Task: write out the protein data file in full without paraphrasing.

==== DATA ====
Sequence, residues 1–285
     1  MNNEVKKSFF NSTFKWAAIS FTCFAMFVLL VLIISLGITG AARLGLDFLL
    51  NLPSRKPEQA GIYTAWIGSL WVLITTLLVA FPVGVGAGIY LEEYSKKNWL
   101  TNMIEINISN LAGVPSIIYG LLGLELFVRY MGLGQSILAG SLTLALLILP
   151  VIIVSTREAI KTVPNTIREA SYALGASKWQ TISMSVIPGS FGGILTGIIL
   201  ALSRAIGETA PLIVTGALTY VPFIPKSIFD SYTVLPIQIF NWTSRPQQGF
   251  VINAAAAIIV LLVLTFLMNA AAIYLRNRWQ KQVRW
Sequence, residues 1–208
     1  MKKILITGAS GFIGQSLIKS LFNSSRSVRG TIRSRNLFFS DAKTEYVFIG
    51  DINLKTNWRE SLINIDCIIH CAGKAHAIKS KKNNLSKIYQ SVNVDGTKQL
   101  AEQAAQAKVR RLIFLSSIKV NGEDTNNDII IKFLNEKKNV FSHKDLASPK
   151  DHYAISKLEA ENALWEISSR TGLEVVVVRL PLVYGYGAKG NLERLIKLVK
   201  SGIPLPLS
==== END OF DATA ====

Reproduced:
Sequence, residues 1–285
     1  MNNEVKKSFF NSTFKWAAIS FTCFAMFVLL VLIISLGITG AARLGLDFLL
    51  NLPSRKPEQA GIYTAWIGSL WVLITTLLVA FPVGVGAGIY LEEYSKKNWL
   101  TNMIEINISN LAGVPSIIYG LLGLELFVRY MGLGQSILAG SLTLALLILP
   151  VIIVSTREAI KTVPNTIREA SYALGASKWQ TISMSVIPGS FGGILTGIIL
   201  ALSRAIGETA PLIVTGALTY VPFIPKSIFD SYTVLPIQIF NWTSRPQQGF
   251  VINAAAAIIV LLVLTFLMNA AAIYLRNRWQ KQVRW
Sequence, residues 1–208
     1  MKKILITGAS GFIGQSLIKS LFNSSRSVRG TIRSRNLFFS DAKTEYVFIG
    51  DINLKTNWRE SLINIDCIIH CAGKAHAIKS KKNNLSKIYQ SVNVDGTKQL
   101  AEQAAQAKVR RLIFLSSIKV NGEDTNNDII IKFLNEKKNV FSHKDLASPK
   151  DHYAISKLEA ENALWEISSR TGLEVVVVRL PLVYGYGAKG NLERLIKLVK
   201  SGIPLPLS